The Apostle John And His Writings
II. The Gospel of John
- The Peculiarity of John's Gospel
- The Presentation of the Lord Jesus in John's Gospel
- The Signs of John's Gospel
- The Purpose of John's Gospel
- The Three Persons of the Godhead in John's Gospel
- The Main Divisions of John's Gospel
- Approach to God in John's Gospel
- Patterns of Three in John's Gospel
- Summary of John's Gospel
The Peculiarity of John's Gospel
The Synoptic Gospels had probably all been written before the fall of Jerusalem and so were in existence 25 or maybe 30 years before John wrote his Gospel. If human writers are going to write on a subject that has already been written on the general idea is to try to find something that has not been said on that subject, something that is original and going to characterize their book or article in contrast to the others. I do not believe that John wrote with those objects. "Holy men of God spake under the power of [the] Holy Spirit" (2 Pet. 1:21). Yet the Gospel of John in some respect is like the thumb compared to the fingers: it is one of the books that gives us the life of the Lord Jesus and yet it is quite different from the other three. We need it along with the other three just as we need our thumbs along with our fingers.
The Gospel of Matthew presents the Lord Jesus as the object of prophecy, the King and Messiah of Israel, the Promised One. A recurring phrase in Matthew's Gospel is "and it came to pass" or "as the prophet said" or "as it was written". Matthew alludes to prophecy and shows how prophecy was fulfilled in the Lord Jesus.
The Gospel of Mark presents the Lord Jesus as the perfect Servant here on earth and as the Prophet, the One who was God's mouthpiece here on earth. Mark therefore does not present us with a genealogy or an account of the birth of the Lord Jesus, for if you are hiring a servant you are not interested in where he was born or who his parents were. What you are interested in is if he can do the job or not. So there are very interesting reasons why the Spirit of God presents certain things through this writer.
Luke was used to present the Man Christ Jesus. Luke's genealogy goes back further than Matthew's does. He goes back to Adam and even to God. Luke presents the Lord Jesus numerous times as sitting at a table, being invited to meals - and if there is one place where people open up it tends to be when they are sitting at the table with a good meal before them. We find that the Lord Jesus, the Perfect Man, did much of His teaching in that kind of setting. There are many other things that present His perfect manhood, including His perfect boyhood.
John by contrast says nothing about His boyhood or birth or genealogy (except for recording a few derogatory remarks made by the Jews), but John presents us with the Son of God come from heaven. Let us turn to John 1 for a moment.
The Presentation of the Lord Jesus in John's Gospel
"In the beginning was the Word, and the Word was with God, and the Word was God. He was in the beginning with God. All things received being through Him, and without Him not one thing received being which has received being. In Him was life, and the life was the light of men. And the light appears in darkness, and the darkness apprehended it not" (John 1:1-5)
Let us consider Him as "the Word". A word is the expression of a thought and the Lord Jesus is the full expression of the mind of God.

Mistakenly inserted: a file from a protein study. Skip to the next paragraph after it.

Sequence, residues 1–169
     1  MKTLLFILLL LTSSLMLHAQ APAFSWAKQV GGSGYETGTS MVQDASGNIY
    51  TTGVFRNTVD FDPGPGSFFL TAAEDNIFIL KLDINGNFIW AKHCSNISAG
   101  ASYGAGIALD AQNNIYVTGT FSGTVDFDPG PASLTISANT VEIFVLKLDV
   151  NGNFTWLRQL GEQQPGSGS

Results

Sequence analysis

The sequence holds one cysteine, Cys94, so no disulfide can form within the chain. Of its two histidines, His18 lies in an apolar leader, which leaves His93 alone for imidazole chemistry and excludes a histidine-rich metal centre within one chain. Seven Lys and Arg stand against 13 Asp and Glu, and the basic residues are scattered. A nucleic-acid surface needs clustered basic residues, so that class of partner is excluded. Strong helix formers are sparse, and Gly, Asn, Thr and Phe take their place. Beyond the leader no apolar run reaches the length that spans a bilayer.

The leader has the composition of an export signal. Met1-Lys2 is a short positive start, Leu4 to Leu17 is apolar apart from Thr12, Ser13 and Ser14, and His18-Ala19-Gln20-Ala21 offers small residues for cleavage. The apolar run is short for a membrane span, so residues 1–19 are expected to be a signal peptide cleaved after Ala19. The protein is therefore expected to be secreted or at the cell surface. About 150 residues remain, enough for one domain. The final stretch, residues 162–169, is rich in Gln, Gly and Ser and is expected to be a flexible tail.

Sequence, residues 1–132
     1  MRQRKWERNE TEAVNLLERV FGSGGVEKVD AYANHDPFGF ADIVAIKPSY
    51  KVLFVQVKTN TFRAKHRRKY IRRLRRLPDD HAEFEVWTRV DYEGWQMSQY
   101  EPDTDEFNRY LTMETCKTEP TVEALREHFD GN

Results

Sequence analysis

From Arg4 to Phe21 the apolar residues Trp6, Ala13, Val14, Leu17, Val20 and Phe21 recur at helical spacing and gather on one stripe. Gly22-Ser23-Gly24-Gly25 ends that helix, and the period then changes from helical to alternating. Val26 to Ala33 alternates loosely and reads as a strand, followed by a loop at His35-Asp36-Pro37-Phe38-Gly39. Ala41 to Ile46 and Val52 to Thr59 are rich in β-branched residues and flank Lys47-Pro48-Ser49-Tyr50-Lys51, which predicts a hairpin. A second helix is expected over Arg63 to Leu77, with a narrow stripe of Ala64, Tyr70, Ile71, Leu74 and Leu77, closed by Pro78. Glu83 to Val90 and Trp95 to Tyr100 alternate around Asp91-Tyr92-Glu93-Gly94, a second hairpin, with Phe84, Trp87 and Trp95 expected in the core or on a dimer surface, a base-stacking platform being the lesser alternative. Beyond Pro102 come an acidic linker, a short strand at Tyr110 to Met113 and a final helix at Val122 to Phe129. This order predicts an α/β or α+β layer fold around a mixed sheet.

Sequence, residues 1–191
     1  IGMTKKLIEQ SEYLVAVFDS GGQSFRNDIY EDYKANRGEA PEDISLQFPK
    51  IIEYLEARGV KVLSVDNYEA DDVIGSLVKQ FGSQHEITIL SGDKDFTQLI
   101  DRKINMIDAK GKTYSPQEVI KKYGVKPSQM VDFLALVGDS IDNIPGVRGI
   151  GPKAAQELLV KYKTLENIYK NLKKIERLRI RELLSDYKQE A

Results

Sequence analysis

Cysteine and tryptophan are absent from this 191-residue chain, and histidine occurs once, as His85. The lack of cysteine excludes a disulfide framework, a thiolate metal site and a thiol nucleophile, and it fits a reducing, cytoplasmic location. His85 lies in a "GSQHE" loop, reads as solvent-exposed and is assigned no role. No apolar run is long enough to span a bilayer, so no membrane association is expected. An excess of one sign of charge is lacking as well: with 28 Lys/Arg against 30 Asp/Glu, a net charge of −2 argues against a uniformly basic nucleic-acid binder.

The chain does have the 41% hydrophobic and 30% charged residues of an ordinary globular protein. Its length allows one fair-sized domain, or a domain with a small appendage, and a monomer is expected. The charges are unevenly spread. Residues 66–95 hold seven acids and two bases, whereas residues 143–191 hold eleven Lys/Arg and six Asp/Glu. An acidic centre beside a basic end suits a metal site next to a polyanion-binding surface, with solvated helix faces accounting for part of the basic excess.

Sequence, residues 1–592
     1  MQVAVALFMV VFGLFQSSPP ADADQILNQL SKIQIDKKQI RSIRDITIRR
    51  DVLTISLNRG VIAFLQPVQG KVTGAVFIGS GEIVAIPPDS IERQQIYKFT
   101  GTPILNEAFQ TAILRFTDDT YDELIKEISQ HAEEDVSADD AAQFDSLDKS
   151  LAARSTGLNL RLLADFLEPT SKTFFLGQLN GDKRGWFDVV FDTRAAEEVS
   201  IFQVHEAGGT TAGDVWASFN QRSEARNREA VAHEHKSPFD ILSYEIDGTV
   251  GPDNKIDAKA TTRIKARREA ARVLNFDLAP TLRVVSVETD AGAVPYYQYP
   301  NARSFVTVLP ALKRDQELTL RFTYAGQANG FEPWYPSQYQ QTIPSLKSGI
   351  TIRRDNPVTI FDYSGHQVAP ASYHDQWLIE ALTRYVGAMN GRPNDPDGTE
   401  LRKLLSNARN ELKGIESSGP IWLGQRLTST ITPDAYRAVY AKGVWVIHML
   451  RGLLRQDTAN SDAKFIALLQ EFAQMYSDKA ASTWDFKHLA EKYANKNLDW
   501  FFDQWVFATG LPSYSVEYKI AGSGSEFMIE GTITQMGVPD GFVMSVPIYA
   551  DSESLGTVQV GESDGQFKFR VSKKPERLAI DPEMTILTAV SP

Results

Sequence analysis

Indeed He is God; yet He is a distinct Person in the Godhead. One tries to speak very carefully in regard to these things for they are holy. We cannot define God in any way and yet we want to fully accept and welcome and appreciate all that Scripture says on the subject of the Person of the Lord Jesus. He is before us in this Gospel in all His dignity and glory. This is the Gospel in which His cross is not borne part of the way by Simon of Cyrene; He bears His cross alone, as the Son of God is not viewed as needing the help that the man Jesus, humanly speaking, could use. I do not want to even say that He needed it, but His cross was put on another for part of the way. John, however, does not mention these things.
A good book that I would recommend to anyone who wants to go into the Gospels and see the Lord Jesus as He is presented in them, especially in view of these differences, is "The Divine Design in the Gospels" by brother Cor Bruins. He wrote it while he was still a missionary in Lebanon. He compares the accounts given in the four Gospels, not from the standpoint of tearing them apart as so many human critics do, but from the standpoint of showing the divine design in them, showing what the Holy Spirit is trying to bring out in each one, and why something is mentioned here and left out there, or why it is mentioned in this way here and perhaps passed over with half a sentence elsewhere.
Another book which I wish was available in English which was a help to me in studying this subject is a book by brother George Andre entitled "The Apostle John and his Ministry". It was written in French and has been translated into German. It does not go into the full scope of what we intend to go into but it is a beautiful book. I have borrowed a few thoughts from it. The thoughts the Lord gives He gives in various ways, sometimes through one's own meditation and sometimes through reading the meditations of others. One should not be afraid to pick up that which He has given to others.
We have seen as we read John 1:14-18 that John spoke of having contemplated the glory of the Word become flesh. We cannot get acquainted with the Lord by giving Him a fleeting glance once in a while. In order to appreciate and enjoy the Lord Jesus we have got to spend time looking at Him, He is the One whom we never tire spending time with, really contemplating, thinking about Him. We must give time to contemplating Him. Time is a commodity that is getting increasingly scarce in these days but if we really want to enjoy the Lord Jesus we have got to spend our time with Him.